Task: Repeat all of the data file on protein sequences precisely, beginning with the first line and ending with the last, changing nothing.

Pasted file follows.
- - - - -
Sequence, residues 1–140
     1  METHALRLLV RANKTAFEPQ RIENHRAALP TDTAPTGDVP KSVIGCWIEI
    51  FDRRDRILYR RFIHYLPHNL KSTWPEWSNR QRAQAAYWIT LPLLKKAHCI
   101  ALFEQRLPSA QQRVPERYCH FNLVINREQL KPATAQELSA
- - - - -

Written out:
Sequence, residues 1–140
     1  METHALRLLV RANKTAFEPQ RIENHRAALP TDTAPTGDVP KSVIGCWIEI
    51  FDRRDRILYR RFIHYLPHNL KSTWPEWSNR QRAQAAYWIT LPLLKKAHCI
   101  ALFEQRLPSA QQRVPERYCH FNLVINREQL KPATAQELSA